Founded in 1895 at Yale University, Pi Lambda Phi is an organization at the forefront of a cause that has impacted the lives of people throughout every generation. The fight for equality. The belief that people should be judged on the content of their character, not on their religious or racial backgrounds.
Throughout Pi Lambda Phi’s history, both here at Baldwin Wallace and across North America, Pi Lambda Phi has and continues to be committed to the quest for equality. Starting with our Founders, Frederick Manfred Werner, Louis Sampter Levy, and Henry Mark Fisher who sought to create “a fraternity in which all men were Brothers, no matter what their religion; a fraternity in which ability, open-mindedness, farsightedness, and a progressive, forward-looking attitude would be recognized as the basic attributes.”
From desegregating Greek Life at places like the University of Virginia, University of California Los Angeles and Penn State University. To establishing the first fraternity at Indiana State University to have interracial members. Pilams have continued to follow the example set forth by our Founding members.
Individual Pi Lambda Phi fraternity members have also helped progress our mission. Richard Rodgers, Oscar Hammerstein II, and Arthur Garfield Hayes are a few notable examples.
Our own history at Baldwin Wallace is rich with examples of continuing the legacy set forth by our Founders.
Our chapter’s history at Baldwin Wallace predates that of Pi Lambda Phi coming to Berea. In 1948, Sigma Sigma Epsilon was founded on the principle that a brotherhood can only exist when membership is dependent on character, not skin color or religion. The men involved in this fraternity quickly learned that its progressive ideals were shared by other local organizations, and an opportunity existed to spread its inclusive culture to more than just Baldwin Wallace’s campus.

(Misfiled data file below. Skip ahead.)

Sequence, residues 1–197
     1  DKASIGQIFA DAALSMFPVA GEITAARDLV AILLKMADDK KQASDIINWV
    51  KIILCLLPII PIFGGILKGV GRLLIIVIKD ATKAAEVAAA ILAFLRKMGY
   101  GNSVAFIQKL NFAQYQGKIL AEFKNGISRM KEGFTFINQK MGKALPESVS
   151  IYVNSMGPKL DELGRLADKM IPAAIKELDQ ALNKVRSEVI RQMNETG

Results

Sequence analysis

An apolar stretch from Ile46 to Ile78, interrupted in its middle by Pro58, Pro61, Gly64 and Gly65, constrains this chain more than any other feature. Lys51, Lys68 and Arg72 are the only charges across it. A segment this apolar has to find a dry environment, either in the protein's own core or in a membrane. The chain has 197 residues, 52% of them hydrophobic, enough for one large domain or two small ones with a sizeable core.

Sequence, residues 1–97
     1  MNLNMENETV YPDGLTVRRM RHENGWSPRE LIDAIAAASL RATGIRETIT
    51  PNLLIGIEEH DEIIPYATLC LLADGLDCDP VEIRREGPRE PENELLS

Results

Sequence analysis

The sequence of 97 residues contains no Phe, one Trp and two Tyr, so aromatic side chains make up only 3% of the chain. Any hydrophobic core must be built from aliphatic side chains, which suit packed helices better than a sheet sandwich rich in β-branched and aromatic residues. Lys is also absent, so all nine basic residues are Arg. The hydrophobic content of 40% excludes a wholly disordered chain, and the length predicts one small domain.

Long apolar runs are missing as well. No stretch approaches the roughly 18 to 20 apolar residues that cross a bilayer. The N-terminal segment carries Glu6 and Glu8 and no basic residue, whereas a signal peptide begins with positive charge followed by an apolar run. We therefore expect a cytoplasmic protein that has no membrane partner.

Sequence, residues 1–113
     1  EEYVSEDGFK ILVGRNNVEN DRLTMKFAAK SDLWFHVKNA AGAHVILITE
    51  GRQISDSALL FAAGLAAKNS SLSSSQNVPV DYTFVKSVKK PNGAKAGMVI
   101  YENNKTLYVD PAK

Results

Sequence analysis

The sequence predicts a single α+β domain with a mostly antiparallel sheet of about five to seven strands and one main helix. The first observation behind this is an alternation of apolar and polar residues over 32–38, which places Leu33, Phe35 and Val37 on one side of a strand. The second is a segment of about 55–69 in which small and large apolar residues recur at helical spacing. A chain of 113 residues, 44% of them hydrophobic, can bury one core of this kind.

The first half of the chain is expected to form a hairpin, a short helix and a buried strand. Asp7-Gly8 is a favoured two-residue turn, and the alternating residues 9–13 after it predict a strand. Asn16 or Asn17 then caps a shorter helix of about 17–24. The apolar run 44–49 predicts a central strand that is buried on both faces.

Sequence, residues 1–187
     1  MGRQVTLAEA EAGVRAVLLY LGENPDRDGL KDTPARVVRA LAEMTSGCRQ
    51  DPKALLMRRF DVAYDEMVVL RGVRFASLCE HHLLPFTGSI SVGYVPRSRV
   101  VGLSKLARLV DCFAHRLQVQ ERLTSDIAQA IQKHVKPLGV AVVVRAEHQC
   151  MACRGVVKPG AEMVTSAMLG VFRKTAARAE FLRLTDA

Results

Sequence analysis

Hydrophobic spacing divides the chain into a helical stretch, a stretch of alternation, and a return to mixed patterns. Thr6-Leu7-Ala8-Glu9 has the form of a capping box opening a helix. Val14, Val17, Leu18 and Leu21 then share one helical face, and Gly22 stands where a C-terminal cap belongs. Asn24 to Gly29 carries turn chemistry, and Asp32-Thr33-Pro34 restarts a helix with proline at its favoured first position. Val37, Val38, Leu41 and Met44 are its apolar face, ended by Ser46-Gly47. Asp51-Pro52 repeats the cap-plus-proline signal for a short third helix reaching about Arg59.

As the desire for a student organizations which provided an opportunity for all men of all creeds to come together spread throughout the nation, 12 intercultural local fraternities met in 1948 to draw up the constitution and structure of the first national, intercultural fraternity: Beta Sigma Tau. Beta Sigma Tau was founded in 1948 at Baldwin-Wallace College (later becoming Baldwin Wallace University). The purpose of the fraternity was "to end barriers among people and to have a foundation based upon a brotherhood and democracy which transcends racial, national and religious differences." Beta Sigma Tau was merged into Pi Lambda Phi on November 1, 1960 because of the similar ideals expressed by both fraternities.
During Pi Lambda Phi’s time at Baldwin Wallace, our chapter has seen its share of ups and downs, membership growth and reduction. However, the commitment to our values and the mission of Pi Lambda Phi is as strong today as ever before. Examples of great Pilams come from every generation and we are thankful for the contributions of all of our members as they played their role in ensuring the longevity of our chapter. In total, Baldwin Wallace has provided a PiLam home to approximately 700 men.
As with any organization, along with the good times, you have the times of trepidation. In the spring of 2004, campus officials removed Pi Lambda Phi from campus. After months of hard work, our alumni earned the right to begin the revitalization process. Through the revitalization process, our chapter came back to campus with a strengthened committed to the organizational values of Pi Lambda Phi. Membership standards challenge brothers to achieve academically, participate in community service and develop as leaders both within the chapter and throughout the campus community. These changes have helped shape the chapter we enjoy today. Much appreciation is due to our alumni who played a significant role in this time period, including Shawn Upchurch, Dave LeBanc, Al DiFranco, Eric Courtney, Dan Balski, Kristofer Reiber and Brent Savage.
Following the revitalization, our chapter has provided a home for young men to learn the values of our fraternity and challenge them to embody these values in their daily lives.